The campaign for the destruction of the Romani houses in Dorozhny coincided with the local elections campaign in the Kaliningrad region and there are reasons to believe that the Kaliningrad authorities sought to gain electoral support by their anti-Romani actions. Roma from Dorozhny are also sure that the land of their village is attractive for investors as the city of Kaliningrad is expanding and the Dorozhny village can be turned into an elite suburb.
Activists of the Northwest Centre for Legal and Social Protection of Roma and the St. Petersburgbased organisation Memorial visited the Dorozhny 28 and interviewed a number of Roma. They also tried to meet officials, including the Governor Georgi Boos and the regional administration, the head of Guryevski district, Mr. Karabakin, the local Ombudsman, Ms. Vershinina, and the officers of the Federal Drug Enforcement Agency, but none of them agreed to meet the human rights experts. In public statements, all officials denied that there was a problem in Dorozhny and insisted that no inhabited houses were destroyed yet.
If authorities in Kaliningrad region are allowed to continue with their actions, the Romani community of Dorozhny will soon become another group of homeless Roma, as is the case with the Romani community in Arkhangelsk. The Roma in Arkhangelsk have also become a target of political and economic interests and were subsequently coerced to leave the city of Arkhangelsk.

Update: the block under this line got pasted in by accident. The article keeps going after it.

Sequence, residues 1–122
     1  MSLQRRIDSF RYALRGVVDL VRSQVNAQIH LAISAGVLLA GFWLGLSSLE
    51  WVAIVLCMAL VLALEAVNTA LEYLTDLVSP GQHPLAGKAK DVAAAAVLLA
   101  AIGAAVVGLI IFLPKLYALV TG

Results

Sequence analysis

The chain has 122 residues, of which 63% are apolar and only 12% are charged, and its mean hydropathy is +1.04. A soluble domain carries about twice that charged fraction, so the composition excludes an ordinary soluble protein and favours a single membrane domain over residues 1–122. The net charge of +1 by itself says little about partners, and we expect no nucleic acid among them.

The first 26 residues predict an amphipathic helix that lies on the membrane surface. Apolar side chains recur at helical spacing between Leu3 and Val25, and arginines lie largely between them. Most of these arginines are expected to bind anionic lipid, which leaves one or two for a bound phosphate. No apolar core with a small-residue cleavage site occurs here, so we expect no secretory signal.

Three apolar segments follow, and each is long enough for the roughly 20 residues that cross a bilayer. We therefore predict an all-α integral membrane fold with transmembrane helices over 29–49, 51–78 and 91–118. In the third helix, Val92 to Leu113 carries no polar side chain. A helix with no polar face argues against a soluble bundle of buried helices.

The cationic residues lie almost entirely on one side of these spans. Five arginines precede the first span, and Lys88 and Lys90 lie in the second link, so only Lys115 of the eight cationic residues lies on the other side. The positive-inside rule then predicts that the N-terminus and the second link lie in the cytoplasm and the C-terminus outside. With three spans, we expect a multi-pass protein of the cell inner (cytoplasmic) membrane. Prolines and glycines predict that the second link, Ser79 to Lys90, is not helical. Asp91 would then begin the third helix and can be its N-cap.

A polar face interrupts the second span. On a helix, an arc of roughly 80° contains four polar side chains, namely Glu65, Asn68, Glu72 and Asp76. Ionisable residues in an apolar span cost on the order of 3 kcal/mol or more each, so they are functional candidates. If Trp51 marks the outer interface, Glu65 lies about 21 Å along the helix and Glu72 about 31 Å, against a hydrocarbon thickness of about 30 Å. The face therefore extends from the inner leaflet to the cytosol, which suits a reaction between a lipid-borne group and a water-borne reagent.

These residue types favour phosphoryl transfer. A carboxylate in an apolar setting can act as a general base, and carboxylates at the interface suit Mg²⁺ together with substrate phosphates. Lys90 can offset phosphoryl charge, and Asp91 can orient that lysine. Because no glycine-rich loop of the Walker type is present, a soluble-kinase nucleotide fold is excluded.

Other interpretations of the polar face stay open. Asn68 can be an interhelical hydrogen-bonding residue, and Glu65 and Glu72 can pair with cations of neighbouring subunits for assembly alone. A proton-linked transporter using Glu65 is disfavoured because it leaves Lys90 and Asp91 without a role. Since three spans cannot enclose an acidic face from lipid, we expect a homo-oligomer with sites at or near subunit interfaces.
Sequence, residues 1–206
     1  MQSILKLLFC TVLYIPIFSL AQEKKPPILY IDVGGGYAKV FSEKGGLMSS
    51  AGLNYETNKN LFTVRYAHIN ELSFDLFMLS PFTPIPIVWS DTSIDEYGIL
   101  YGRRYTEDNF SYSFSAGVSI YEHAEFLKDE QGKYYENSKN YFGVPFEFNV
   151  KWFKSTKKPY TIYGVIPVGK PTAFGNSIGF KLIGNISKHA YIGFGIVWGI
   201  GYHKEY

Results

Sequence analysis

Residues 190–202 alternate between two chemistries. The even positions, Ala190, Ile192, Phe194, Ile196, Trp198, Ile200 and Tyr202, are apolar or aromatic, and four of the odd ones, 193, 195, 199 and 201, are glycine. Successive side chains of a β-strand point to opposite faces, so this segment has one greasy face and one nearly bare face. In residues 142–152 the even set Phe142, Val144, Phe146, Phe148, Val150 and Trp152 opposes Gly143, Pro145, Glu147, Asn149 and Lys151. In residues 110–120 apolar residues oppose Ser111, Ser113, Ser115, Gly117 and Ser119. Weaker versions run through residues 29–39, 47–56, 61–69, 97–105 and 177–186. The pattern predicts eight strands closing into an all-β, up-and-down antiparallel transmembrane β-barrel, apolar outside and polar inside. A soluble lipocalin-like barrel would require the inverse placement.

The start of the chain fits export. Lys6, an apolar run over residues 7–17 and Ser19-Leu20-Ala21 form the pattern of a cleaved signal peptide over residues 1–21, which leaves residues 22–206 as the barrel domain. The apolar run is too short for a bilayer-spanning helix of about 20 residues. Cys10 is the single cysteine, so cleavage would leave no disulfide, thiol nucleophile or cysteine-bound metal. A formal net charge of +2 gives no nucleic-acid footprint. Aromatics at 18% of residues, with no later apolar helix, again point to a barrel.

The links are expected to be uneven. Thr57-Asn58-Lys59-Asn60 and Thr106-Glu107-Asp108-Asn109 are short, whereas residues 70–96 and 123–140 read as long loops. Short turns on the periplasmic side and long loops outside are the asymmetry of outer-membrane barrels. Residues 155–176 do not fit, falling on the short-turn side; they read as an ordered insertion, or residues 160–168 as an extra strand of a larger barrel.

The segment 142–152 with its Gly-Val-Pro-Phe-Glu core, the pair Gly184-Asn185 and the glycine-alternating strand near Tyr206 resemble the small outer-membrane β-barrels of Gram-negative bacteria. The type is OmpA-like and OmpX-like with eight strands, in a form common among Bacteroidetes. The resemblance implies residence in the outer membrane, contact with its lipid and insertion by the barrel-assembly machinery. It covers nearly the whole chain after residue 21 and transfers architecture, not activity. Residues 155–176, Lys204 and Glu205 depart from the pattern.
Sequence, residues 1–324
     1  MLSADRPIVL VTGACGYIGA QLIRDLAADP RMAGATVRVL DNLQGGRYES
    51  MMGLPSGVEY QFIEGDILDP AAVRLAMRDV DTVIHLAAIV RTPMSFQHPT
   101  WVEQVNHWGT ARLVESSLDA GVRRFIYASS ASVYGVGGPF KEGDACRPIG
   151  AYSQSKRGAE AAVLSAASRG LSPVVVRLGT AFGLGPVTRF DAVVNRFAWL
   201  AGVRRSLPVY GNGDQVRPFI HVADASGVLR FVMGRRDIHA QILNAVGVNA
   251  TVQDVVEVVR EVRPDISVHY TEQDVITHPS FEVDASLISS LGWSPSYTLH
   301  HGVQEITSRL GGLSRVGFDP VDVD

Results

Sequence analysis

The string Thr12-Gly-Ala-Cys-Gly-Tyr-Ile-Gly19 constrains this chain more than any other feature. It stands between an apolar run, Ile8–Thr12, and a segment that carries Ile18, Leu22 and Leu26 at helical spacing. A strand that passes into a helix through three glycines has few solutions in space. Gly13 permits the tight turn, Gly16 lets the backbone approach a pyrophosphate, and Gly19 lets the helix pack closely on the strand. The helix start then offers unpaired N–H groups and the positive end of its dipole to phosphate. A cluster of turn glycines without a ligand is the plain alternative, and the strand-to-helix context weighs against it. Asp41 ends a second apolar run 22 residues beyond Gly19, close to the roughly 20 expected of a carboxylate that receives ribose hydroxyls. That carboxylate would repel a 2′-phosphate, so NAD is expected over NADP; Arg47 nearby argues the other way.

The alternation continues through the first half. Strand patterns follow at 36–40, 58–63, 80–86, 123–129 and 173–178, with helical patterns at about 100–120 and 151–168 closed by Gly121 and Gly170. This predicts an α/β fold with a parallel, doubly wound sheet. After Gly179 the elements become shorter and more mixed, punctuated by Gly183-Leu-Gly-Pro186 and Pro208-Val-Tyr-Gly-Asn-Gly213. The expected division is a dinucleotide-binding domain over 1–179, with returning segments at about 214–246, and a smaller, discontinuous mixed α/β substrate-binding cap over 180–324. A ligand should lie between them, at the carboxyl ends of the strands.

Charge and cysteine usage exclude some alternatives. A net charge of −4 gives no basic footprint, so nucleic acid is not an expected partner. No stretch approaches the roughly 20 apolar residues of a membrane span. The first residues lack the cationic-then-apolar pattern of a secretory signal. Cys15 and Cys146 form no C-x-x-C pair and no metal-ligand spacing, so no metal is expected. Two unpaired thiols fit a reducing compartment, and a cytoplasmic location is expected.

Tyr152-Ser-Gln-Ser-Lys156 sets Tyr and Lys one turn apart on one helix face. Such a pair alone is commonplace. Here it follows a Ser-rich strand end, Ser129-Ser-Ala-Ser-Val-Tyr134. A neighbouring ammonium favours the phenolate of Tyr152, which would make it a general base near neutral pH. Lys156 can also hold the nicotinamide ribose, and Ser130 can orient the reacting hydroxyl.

The group of Kelderash Romani families involved in the dispute arrived from Volgograd in 2004, following their leader, Khulupij Bakalaevich Gomon. It is a tradition for Kelderash Roma to change location over long periods of time. Having lived in Arkhangelsk for several decades before, the community decided to return there once more after selling their homes and possessions in Volgograd. Before all the families made the move, however, Mr. Gomon began arranging the necessary permits and arrangements for them to do so, and by September 2004, the families obtained legal permission to rent land in the Noviposyolok district. The permit was signed by the Arkhangelsk mayor at the time, Nilov, and other local authorities.
The dispute over "allowing" the Roma to remain in Arkhangelsk began when mayor Nilov's political opponent, the far-right candidate Danskoy, accused the mayor of corruption for permitting the Roma to settle, and accused the Roma themselves of illegally building homes on the land they had rented. The permit given to the families allowed them to settle on the land, but did not grant them permission to build houses, although the necessary legal provisions for them to do so were already underway at the time. Despite the fact that the Roma did not have permission to build, it was indispensable for them to begin constructing houses in order to provide shelter for their large families during the approaching winter months (within their time in Arkhangelsk alone a total of nine children were born, adding to this necessity). In November 2004, however, mayor Nilov, apparently disturbed by the corruption charges against him by his opponent, initiated a lawsuit challenging the right of the Roma to live on the lands which he had himself granted them.